Ronald Reagan didn't defeat anything and by the time he left office barely knew where he was most of the time.

Communism died of it's own bad economic weight - its "internal contradictions." Afghanistan shoved the Soviet juggernaut over the cliff where it had been teetering for nearly a decade.

Posted by: Jeff II on May 6, 2008 at 2:14 PM | PERMALINK

The Authoritarians is free although I paid for a hardcopy to support the author.

This book should be required reading for everyone wondering what has been going on in US politics since 1973. In addition it gives us the nomenclature to accurately describe what is happening so we do not mistakenly anger the wrong people.

Posted by: Tripp on May 6, 2008 at 2:20 PM | PERMALINK

Miss Information, that's why Kevin thought it (and Scoblic) were so great!

Posted by: SocraticGadfly on May 6, 2008 at 2:27 PM | PERMALINK

If you read Freakonomics, you may recall the chapter that discusses why drug dealers live with their mothers. Much of that chapter was derived from Venkatesh's field work in the infamous Robert Taylor housing projects in Chicago. Posted by: Quaker in a Basement

Somewhat off topic, but Freakonomics is a complete piece of shit, with the exception of the above mentioned piece, which was based on research done my someone else.

Many of the chapters concern matters for which most reasonably well-educated people would have come to the same "insights" if they had been topics worth pondering in the first place, few of the books conclusions are backed by data (legalized abortion and a drop in the crime rate and cheating in sumo for two examples), and some are just so lame (choice of children's names) that it's amazing the guys could find a publisher.

Posted by: Jeff II on May 6, 2008 at 3:18 PM | PERMALINK

Kevin writes: "Conservatives since World War 11 have always been militaristic and nationalistic..."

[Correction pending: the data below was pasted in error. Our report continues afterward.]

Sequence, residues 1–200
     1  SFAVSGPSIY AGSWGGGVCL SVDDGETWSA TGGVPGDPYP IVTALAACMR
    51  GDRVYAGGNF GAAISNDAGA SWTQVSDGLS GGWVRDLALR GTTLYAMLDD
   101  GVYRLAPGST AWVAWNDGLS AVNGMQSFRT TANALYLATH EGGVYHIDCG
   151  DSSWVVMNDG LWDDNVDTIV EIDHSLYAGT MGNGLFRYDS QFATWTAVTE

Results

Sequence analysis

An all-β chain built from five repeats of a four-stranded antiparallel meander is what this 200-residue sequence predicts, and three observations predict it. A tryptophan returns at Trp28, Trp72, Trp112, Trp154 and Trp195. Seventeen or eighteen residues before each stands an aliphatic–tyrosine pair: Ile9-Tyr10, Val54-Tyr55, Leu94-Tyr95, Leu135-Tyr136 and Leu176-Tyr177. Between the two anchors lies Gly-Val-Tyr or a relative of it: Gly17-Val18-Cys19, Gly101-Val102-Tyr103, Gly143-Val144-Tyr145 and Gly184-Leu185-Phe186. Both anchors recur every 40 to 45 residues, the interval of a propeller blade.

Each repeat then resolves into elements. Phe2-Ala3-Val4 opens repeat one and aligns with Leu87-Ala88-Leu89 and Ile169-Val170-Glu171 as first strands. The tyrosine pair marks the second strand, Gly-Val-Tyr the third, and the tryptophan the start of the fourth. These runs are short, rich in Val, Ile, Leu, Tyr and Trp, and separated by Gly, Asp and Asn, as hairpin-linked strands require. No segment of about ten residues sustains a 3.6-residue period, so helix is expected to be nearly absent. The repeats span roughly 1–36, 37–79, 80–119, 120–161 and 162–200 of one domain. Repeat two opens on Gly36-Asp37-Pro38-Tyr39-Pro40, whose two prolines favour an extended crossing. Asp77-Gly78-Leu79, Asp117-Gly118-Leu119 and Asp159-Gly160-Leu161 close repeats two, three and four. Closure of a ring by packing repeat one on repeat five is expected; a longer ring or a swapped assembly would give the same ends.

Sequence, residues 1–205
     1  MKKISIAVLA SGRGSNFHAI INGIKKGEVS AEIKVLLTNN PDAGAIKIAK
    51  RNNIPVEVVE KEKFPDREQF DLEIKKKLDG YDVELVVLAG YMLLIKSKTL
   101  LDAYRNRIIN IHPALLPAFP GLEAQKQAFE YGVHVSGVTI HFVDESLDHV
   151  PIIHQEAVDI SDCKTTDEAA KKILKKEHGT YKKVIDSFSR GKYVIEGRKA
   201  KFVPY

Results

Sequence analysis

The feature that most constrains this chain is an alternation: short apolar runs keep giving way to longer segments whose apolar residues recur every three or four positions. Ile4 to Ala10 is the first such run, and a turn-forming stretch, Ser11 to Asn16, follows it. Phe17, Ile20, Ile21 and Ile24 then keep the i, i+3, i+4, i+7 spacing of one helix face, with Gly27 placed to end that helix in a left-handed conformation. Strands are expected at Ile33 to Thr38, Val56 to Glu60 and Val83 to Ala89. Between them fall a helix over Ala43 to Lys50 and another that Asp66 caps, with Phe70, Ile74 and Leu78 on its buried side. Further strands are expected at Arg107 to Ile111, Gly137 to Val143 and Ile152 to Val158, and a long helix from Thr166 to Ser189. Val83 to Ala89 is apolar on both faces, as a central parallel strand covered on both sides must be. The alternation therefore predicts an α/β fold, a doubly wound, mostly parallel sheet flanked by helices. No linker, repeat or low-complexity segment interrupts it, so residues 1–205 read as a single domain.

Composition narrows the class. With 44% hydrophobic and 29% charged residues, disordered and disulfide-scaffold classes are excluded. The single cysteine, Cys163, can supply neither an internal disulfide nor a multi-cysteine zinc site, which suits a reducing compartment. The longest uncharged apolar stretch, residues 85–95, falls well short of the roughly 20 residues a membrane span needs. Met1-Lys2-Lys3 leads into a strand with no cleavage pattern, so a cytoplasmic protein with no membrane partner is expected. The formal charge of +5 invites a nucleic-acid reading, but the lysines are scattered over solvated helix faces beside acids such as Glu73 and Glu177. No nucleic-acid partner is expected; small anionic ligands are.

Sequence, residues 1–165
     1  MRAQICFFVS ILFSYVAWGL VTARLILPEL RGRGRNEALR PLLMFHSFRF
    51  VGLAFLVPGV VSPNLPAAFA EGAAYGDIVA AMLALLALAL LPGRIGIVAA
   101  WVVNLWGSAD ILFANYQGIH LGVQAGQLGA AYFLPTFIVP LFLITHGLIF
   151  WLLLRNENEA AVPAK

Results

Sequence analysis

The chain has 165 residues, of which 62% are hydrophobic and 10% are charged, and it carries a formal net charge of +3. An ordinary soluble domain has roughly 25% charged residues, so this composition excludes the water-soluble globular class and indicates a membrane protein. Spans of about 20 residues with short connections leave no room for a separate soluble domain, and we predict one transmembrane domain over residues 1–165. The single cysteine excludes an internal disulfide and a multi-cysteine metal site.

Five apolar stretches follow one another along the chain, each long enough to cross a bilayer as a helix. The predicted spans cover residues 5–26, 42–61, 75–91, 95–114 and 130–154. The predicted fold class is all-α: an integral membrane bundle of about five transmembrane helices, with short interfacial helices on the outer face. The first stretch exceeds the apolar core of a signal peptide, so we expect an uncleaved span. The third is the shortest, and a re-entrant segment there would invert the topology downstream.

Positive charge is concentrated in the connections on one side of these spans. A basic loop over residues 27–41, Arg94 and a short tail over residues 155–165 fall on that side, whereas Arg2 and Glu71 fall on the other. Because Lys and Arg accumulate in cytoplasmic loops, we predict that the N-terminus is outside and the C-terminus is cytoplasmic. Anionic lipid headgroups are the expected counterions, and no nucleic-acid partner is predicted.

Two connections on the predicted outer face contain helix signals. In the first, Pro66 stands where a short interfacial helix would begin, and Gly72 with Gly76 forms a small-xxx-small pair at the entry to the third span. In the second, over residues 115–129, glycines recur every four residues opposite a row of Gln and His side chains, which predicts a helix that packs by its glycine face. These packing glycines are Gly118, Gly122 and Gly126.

I'm not so sure. change conservatives to neo-conservatives and you get closer. however, remember that post-war the neocons aligned with the democratic party, because they thought the democrats were better anti-communists. in fact they, while still democrats, attacked Nixon and Kissinger from the right because the neocons felt
that their negotiating arms control deals with the Russians was too accommodating.
they didn't leave the party and switch to the GOP until they soured on the carter administration.

Posted by: dj spellchecka on May 6, 2008 at 3:29 PM | PERMALINK

Despite the fact that he thinks I'm an ignorant tit, I'm still going to have to second Jeff II's assessment of *Freakanomics*. It IS a piece of shit.

Posted by: James R MacLean on May 6, 2008 at 7:09 PM | PERMALINK

I was unimpressed by the Richard Rorty book as well. It has the same problem as other books I've read that attempted to analyze anti-Americanism: the definition is really lousy, so that a realistic look at US history becomes regarded as prima facie anti-American.

Posted by: James R MacLean on May 6, 2008 at 7:12 PM | PERMALINK

Despite the fact that he thinks I'm an ignorant tit, I'm still going to have to second Jeff II's assessment of *Freakanomics*. It IS a piece of shit.
Posted by: James R MacLean

Any port in a storm, huh? You're easy!

Posted by: Jeff II on May 6, 2008 at 7:17 PM | PERMALINK

Well, OK, let me elaborate: I thought the book consisted of endless iterations of "curmudgeon's fallacy."

Posted by: James R MacLean on May 6, 2008 at 7:24 PM | PERMALINK

"'ve also recently read Grand New Party, by Ross Douthat and Reihan Salam, which was good, but also frustrating and unconvincing in places."

A book by Ross Douthat was unconvincing in places? You don't say!

Posted by: nemo on May 7, 2008 at 12:36 PM | PERMALINK